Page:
by Mitch Kokai
Senior Political Analyst, John Locke Foundation
Of all the obscene pleasures Americans share an interest in, our penchant for apologizing for our Americanness while denigrating our birthplace is the most insufferable. Whether right-wingers moaning about the loss of an America that never existed or left-wingers explaining to a Bosnian farmer on Discord how the U.S. is literally a fascist hellscape, it’s shamefully egotistical to announce to the world our foibles as if they’re novel or the least bit interesting. There is very little reason to believe that life could be any better anywhere at any time than in this country today, and those saying otherwise are Francophile dorks or selling something.
Maybe the most frustrating example of this behavior is online in comment sections, where Europeans and Canadians grouse in error about us while fellow Americans celebrate the abuse or even facilitate it. American travelers, typically the wealthier ones, who pretend to be Canadians are just one more example.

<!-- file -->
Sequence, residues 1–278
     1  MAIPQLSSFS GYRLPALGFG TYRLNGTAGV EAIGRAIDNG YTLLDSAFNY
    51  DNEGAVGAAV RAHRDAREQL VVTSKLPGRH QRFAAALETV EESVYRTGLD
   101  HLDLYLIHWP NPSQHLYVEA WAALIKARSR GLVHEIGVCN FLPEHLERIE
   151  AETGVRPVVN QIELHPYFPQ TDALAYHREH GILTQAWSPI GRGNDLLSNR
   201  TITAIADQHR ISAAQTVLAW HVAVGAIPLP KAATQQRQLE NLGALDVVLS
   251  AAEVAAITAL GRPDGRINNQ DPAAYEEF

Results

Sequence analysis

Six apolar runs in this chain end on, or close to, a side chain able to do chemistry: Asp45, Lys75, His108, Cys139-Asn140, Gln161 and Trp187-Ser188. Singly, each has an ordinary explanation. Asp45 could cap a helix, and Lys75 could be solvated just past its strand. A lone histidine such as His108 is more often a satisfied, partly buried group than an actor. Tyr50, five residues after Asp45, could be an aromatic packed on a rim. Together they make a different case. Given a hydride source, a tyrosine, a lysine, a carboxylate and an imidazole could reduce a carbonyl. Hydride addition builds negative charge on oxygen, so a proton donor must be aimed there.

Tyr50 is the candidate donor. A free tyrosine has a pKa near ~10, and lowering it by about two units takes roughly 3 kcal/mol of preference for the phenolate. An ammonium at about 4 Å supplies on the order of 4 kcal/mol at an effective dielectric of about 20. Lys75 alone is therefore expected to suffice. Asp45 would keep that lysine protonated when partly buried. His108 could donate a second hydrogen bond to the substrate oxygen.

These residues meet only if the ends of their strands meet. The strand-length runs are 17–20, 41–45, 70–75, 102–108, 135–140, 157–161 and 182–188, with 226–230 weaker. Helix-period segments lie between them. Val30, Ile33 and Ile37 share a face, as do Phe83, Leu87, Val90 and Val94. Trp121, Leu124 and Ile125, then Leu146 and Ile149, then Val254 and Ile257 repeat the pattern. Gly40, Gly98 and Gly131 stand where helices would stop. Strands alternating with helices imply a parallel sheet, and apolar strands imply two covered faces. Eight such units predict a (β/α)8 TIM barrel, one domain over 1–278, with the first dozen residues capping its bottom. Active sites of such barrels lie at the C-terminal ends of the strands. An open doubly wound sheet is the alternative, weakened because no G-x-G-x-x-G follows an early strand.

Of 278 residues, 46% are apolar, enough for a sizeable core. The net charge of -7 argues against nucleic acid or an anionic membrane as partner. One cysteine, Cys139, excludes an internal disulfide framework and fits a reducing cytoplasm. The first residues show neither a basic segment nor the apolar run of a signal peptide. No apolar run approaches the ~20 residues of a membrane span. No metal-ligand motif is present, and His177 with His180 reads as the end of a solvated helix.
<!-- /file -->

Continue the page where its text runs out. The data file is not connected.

But why do we do this? J.J. McCullough, a Canadian columnist for the Washington Post and a culture analyst on YouTube, recently posted a considered investigation of our national neurosis. …
… McCullough breaks the reason for our disdain into four parts:
1. Noxious political rhetoric
2. Mainstreaming conspiracy theories
3. Foreign criticism (“malevolently well-informed”)
4. Capitalism (availability of anti-American products and advertising)
What McCullough gets precisely right is how our mania expresses itself — we reward vendors, politicians, and foreigners for saying what we feel to be true. But fool’s gold and the critiques of a random Greek guy on Facebook aren’t causing us to act this way. Rather our self-obsession and feelings of wrongness are the cause — the same way that it’s impossible to convince a mom that her kid is ugly unless she suggests it herself, at which point you pity the child while reviling the mother. Her vanity and loss of perspective make it a hideous, anti-maternal display. Such is our case.